They did win more Chinese water treatment contracts in 2009 than anyone else, they do have a wide presence in China, they did just win a $2 billion contract to develop 19 wastewater treatment plants in Malaysia, which is indeed in South Asia.
So why the hesitancy? Well, aside from the fact that it’s an odd choice for a mainstream US newsletter, since you have to buy in Hong Kong to get direct exposure to this company, there’s also the little fact that the other numerical clue is not a match — they are the subsidiary of a multi-billion dollar company (Beijing Enterprises Holding co), but that company posted revenue of about HK$24 billion in 2009, which is more like US$3 billion. And the water group had lower revenue than that, at about HK$1.7 billion.
Which means, either the Thinkolator is on the fritz or this is a different company. So who else could it be?
Well, as I said, the list of companies that are working to get a piece of the huge China water treatment business is a long one — there are several Singapore-based companies that are in line for that business, including the aforementioned Hyflux, Memstar Technology, Sembcorp (which just bought Cascal), and others … (Singapore is one of the global hotspots for water companies), but none of them is that big, either.
The big global water infrastructure and management companies are certainly far larger than that, firms like Veolia or Suez, and plenty of home-grown Chinese companies that are active in the water business, including Tianjin Capital (1065 in Hong Kong) and Duoyuan Global Water (DGW), which is more of a supplier to water treatment companies. So I’m stuck with Beijing Enterprises Water being the best solution I can think of.
If you do want to buy into Beijing Enterprises Water and can’t trade directly in Hong Kong, you could do so indirectly by buying the pink sheets-traded shares of the parent holding company, though in so doing you also are buying a natural gas distributor and a brewer, which may not be your intention, and it would certainly dilute any huge earnings power from the water treatment business. Beijing Enterprises Holdings has a home listing at 392 in Hong Kong and actually has two pink sheets listings, BJINY is an ADR that trades at 1:10 (meaning each pink sheets share represents 10 shares in Hong Kong), and BJINF is a 1:1 listing that’s not officially an ADR. Both are extremely low volume, though the ADR does at least trade a few shares on most days.
And for what it’s worth, Beijing Enterprises Water Group did make the shortlist for the 2010 Global Water Company of the Year Award (as did Cascal, just FYI).
So … a relatively unsatisfying foray into Chinese water treatment this time (you can’t know this, I suppose, but it has been almost physically painful to avoid the term “Chinese water torture” during this escapade), but perhaps interesting for folks who are looking for ways to profit from China’s massive water needs (and problems). I would only further note that we’re not the only ones who see a big business here, and the almost inevitable competition for big Chinese water treatment projects should lead to tighter margins (that is, after all, a big part of the reason for privatizing the business — to spur competition), so as Veolia and Suez and GE and Hyflux and Sembcorp all submit bids for water treatment projects, I wouldn’t be surprised to see the valuations for the local companies like Beijing Enterprises Water start to come in a bit (Beijing Enterprises Water Group trades at a trailing PE of about 40, Veolia and Sembcorp, though both are larger and more diversified, tend to trade around 10-12 times trailing earnings and pay a decent dividend).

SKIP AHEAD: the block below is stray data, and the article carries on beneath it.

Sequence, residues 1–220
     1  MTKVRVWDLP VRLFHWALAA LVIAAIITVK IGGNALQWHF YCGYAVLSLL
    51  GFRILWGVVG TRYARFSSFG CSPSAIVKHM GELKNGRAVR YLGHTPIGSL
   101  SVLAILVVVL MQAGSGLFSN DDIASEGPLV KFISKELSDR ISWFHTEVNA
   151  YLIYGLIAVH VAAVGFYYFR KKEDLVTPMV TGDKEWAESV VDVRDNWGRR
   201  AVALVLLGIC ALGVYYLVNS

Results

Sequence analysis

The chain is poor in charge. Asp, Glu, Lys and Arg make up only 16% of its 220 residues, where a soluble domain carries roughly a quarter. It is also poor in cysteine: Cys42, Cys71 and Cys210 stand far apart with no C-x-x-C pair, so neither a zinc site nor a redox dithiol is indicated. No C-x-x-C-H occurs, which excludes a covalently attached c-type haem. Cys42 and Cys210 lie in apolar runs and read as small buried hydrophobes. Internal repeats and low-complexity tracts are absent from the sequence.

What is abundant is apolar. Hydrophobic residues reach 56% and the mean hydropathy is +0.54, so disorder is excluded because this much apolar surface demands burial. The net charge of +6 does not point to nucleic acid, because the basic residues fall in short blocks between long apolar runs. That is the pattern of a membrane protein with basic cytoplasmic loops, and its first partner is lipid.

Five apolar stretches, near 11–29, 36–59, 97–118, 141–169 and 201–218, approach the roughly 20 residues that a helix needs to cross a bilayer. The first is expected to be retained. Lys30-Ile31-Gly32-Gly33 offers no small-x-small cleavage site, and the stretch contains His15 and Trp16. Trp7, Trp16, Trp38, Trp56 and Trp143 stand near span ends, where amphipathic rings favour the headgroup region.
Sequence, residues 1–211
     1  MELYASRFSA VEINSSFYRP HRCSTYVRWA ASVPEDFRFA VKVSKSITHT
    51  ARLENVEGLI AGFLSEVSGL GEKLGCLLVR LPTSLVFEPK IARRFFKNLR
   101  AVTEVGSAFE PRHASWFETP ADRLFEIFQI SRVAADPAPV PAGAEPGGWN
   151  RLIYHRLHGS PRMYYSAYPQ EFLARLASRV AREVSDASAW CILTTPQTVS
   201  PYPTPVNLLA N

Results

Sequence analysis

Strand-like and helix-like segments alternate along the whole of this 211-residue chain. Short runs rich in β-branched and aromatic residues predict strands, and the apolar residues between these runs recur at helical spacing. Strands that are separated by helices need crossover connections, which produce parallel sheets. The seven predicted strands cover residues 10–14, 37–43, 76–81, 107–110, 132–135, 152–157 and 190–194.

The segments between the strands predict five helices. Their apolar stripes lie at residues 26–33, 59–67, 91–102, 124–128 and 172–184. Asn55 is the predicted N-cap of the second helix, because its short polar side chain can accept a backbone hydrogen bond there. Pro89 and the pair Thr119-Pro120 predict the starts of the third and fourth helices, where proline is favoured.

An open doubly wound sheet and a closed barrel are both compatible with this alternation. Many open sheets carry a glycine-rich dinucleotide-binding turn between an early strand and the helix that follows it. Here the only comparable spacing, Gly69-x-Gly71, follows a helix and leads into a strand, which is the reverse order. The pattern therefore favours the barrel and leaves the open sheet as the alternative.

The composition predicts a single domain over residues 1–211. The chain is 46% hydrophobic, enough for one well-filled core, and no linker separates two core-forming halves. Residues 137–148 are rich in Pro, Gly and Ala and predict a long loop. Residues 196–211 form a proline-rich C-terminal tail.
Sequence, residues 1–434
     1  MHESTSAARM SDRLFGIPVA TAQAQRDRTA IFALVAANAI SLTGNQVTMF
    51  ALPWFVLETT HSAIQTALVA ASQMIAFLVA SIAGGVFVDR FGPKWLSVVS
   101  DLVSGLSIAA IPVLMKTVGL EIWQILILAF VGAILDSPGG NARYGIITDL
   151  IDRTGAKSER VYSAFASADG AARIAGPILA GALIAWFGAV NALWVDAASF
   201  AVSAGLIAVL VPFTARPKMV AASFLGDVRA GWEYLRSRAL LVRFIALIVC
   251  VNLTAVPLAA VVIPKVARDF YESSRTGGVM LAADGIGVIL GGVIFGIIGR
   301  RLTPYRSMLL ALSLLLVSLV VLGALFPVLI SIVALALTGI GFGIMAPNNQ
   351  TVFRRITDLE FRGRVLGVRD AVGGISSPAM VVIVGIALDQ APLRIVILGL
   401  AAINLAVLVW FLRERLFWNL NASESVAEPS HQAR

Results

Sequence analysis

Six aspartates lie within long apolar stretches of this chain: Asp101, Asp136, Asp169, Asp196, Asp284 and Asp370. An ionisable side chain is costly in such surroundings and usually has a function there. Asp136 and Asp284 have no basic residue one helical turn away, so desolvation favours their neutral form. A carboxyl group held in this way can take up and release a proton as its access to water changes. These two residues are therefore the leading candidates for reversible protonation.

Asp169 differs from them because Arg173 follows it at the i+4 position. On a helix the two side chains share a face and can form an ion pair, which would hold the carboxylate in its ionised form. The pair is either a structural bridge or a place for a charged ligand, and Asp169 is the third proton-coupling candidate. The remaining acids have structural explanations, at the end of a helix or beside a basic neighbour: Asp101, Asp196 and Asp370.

So what’s your water of choice? Let us know with a comment below — or feel free to chime in if you think I’m off base in thinking this teaser stock is Beijing Enterprises Water, especially if you’ve got a better idea.
And Elliott had a few other ideas in this latest teaser ad, so I’ll keep digging and let you know if I find anything interesting. If you’ve ever subscribed to Personal Finance, I’m sure we’d all like to hear what you think — just click here to review it for your fellow investors. (Elliott Gue, just FYI, took over Personal Finance just a year or two ago — he also runs an MLP newsletter with Roger Conrad and edits the Energy Strategist, in case you’re interested in seeing subscriber reviews of his other work).